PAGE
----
Toledo became known as "Glass City" after the  Libbey Glass Company moved there in 1888 and other manufacturers then began working in the area, too.  So it was most fitting that the museum would have an entire pavilion dedicated to the astounding variety of pieces - from ancient bottles to contemporary punch bowls, from painted mirrors to decorative sculptures - displaying the fascinating history and potential of the medium.  If you're ever in the Toledo vicinity, I so highly recommend a visit to this extraordinary place!

After our tour, Ruth, Andy, Helaine and I took a side trip to the Libbey outlet store at Ruth's very wise suggestion, and we were amazed by the array of dishes, glasses, serving ware, and more!  I, of course, saw everything in terms of photo ops; so you'll soon find my red, yellow, and white dishes, not to mention some very simple but festive polka dotted glassware, making appearances here on ye olde blog to serve lots of tasty treats.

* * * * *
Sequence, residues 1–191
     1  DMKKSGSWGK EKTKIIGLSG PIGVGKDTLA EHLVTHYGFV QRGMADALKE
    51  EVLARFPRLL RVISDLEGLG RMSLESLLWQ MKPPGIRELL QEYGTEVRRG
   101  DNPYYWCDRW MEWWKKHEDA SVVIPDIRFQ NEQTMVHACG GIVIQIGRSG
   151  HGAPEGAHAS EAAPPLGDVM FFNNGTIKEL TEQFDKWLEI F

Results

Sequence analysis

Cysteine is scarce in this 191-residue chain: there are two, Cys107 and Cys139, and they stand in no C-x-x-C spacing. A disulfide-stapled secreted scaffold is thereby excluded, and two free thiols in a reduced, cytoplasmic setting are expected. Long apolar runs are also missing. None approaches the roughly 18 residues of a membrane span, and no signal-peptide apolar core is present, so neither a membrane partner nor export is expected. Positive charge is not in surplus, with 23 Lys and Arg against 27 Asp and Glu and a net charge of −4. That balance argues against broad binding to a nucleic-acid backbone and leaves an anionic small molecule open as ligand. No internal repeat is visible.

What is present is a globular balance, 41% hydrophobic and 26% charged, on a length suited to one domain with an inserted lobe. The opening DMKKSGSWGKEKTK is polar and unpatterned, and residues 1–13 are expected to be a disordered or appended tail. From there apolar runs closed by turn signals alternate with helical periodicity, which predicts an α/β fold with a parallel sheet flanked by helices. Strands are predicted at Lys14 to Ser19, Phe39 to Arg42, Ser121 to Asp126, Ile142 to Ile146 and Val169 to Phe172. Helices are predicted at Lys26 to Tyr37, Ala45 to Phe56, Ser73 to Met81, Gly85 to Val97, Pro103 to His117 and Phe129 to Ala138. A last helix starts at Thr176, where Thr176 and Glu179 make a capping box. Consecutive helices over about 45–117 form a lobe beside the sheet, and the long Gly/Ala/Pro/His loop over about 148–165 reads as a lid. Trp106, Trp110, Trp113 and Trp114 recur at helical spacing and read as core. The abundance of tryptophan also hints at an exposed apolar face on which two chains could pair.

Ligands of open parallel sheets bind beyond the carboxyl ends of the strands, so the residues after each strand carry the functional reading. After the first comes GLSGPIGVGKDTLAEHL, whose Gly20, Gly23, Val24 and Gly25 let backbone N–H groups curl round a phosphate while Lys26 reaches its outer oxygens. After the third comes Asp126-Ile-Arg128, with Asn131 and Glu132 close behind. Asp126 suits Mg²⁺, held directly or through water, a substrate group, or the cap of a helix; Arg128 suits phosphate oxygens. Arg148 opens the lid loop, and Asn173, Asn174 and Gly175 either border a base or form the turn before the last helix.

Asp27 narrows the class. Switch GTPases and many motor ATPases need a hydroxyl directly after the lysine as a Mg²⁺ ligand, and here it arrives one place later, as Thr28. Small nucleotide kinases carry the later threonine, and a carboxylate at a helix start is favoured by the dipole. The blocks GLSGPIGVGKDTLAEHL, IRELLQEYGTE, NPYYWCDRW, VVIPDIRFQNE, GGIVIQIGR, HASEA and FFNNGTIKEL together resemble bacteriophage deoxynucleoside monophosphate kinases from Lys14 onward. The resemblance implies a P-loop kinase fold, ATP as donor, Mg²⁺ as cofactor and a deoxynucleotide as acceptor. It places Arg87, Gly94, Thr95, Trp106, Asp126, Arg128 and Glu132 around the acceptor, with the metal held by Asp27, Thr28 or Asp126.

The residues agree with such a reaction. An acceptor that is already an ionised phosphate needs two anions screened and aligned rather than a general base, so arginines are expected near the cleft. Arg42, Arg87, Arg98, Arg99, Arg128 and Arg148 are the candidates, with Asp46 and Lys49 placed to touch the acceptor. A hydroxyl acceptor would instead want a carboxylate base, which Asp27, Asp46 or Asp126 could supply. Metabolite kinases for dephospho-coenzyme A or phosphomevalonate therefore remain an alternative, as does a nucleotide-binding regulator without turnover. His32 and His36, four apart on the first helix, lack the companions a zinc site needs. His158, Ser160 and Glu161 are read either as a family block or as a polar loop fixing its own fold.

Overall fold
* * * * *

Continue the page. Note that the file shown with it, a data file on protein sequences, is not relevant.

The white bowl that my soup was served in at the museum is just one of Libbey's distinctive designs.  I was sorely tempted to buy a few of them, as well as many, many other items ... maybe on another trip.  Yes, there will have to be another trip!  We've already talked about it, since we had so much fun on this adventure.  More glassware, Tony Packo's famous hot dogs and relishes, the Handel's ice cream that another car of Sisterhood members enjoyed while our group was shopping for dishes ... so much more fun - and food! - awaits ... :)


Unknown said...

Wow, some amazing art for sure. I love the diner too.. that's probably my favorite :)

Andrea the Kitchen Witch said...

What a fantastic place!! The dress sculpture is so cool. I'd love to see that museum sometime, glass work is some of my favorite! Excellent food in the cafe, too, wow!

Cranberry Morning said...

I would have been tempted to buy that 'soup bowl' too! How cool is that! And I'm with Jenn, the Counterman Diner is my favorite. Love it!! Sounds like a fabulous time, Mary.

Debra Kapellakis said...

I enjoyed reading and viewing here today.

Chris said...

I'd be so paranoid that I might accidentally knock something over the whole time I was there.